• For people inscure in git: The MC mentioned above is the commit identfier "SHA". It looks something like bab610d or the longer bab610d7bdca523f6087cff051f27d039c2e5a58. Alas the command will be git branch -f master bab610d. – LosManos Apr 30 at 8:51

If you have not yet committed:

Then there is no harm in switching to a new branch after files have been modified. Edited, non-committed files are always viewed in the context of whatever branch is checked out:

git checkout -b mytopicbranch

If you've already committed:

Following the description: here:

  1. Create the branch you wished you had made (but don't switch to it):
git branch mytopicbranch

It now has all the commits that you wanted to make.

  1. Reset the master branch back to before these commits:
git reset abc5b0de1 --hard

Assuming abc5b0de1 is the fingerprint of the commit right before you made the accidental commits.

Now you can switch back to mytopicbranch as needed.

  1. In case you have committed the changes already!

In the following case you started off with "Hello world" at the very beginning and after a commit your head was at C4, now, you stayed on master and made commits till C0 but forgot to create different branch at C4 itself

Now in this case what you can do is

-- Make a patch of commits from C3 to C0 so that you would have changes made in respective commits saved in files like C3.patch....C0.patch in the directory of your repo itself

-- Reset your HEAD to C4

-- And checkout all the unstaged changes so that you can create a new branch

-- And apply those changes back on the newly created branch

Basically you do

-- git format-patch HEAD ~ {n} (n is 4 in this case)
-- git reset HEAD~{n} (reached master or parent branch)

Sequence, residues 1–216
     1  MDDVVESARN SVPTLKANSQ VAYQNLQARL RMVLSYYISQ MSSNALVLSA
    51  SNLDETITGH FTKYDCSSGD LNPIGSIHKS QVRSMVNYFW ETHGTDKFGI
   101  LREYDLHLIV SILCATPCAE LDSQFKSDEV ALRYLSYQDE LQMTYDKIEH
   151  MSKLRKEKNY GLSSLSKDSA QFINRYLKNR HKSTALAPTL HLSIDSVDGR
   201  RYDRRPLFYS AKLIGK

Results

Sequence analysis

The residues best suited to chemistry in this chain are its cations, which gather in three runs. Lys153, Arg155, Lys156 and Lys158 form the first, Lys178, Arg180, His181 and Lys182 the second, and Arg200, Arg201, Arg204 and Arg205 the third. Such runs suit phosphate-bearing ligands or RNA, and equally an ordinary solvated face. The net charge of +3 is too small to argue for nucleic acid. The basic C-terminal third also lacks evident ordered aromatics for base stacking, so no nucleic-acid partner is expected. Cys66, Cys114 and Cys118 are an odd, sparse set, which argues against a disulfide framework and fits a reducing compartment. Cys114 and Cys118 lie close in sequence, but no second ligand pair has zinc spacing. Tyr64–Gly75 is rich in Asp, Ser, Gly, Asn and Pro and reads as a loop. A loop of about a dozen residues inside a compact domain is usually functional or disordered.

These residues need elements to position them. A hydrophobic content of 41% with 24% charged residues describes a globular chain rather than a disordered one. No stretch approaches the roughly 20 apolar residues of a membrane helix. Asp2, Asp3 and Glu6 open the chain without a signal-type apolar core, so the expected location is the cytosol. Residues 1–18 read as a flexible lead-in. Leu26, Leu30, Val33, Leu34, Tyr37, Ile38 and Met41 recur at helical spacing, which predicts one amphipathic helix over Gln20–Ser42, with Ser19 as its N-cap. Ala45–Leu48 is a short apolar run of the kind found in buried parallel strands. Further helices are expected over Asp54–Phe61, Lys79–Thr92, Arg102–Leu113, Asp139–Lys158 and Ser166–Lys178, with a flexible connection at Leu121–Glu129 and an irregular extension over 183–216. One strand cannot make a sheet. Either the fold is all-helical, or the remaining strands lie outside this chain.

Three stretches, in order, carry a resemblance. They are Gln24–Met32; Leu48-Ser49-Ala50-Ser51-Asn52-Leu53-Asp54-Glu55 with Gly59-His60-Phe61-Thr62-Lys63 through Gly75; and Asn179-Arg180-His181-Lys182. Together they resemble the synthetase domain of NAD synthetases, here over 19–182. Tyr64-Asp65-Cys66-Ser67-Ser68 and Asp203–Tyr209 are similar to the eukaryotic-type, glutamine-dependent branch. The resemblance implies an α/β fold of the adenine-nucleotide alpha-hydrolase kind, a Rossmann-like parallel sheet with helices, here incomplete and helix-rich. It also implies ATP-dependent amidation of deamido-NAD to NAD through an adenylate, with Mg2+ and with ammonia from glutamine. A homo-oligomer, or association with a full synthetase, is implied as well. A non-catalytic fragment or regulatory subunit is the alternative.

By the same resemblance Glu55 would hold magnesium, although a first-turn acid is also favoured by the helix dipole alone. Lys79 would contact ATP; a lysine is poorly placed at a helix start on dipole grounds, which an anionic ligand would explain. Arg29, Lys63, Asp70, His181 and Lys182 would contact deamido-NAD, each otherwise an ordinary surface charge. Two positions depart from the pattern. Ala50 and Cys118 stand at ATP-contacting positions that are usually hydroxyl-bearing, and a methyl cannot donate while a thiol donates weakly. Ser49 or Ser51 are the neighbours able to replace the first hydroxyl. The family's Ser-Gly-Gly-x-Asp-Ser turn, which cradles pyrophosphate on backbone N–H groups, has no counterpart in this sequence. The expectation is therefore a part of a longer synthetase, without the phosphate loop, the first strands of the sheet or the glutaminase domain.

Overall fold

-- git checkout -- .
-- git checkout -b <new-branch-name>
-- git am (or git am *.patch) (which is git apply -r C*.patch in this case)
  1. In case where you have not committed changes

-- If they are staged, unstage by resetting head to the previous commit where you started of with making these changes

-- Make a patch of these changes so that you have them stored on local repo directory

-- Checkout those changes and make a new branch

-- Apply that created patch to have those changes back on a new branch

Basically you do

-- git reset HEAD~1
-- git diff > unstaged_changes.patch
-- git branch -b <new-branch-name>
-- git am unstaged_changes.patch

Would it not work to stash your changes, create a new branch and then reapply your stash to the new branch?

  • ah yea didn't think of that – PositiveGuy Jun 23 '17 at 19:56
  • 2
    An example of how to stash and apply would be helpful. – mason Jun 23 '17 at 19:59
  • git stash is pretty well documented here git-scm.com/docs/git-stash – beginnercoder123 Jun 23 '17 at 20:02
  • 4
    My point is that if you're going to provide an answer, you should include enough detail in the answer that someone doesn't have to go elsewhere to see what you mean. A link is great, but only as a supplement to your answer. The relevant details need to be in your answer. – mason Jun 23 '17 at 20:04
  • 2
    The answer git stash; git stash branch <name> is literally shorter than either your rhetorical question or your suggestion to look it up. – chepner Jun 24 '17 at 2:13

Follow these steps:

  1. Create a new branch:

    git branch newfeature
  2. Checkout new branch: (this will not reset your work.)

    git checkout newfeature
  3. Now commit your work on this new branch:

    git commit -s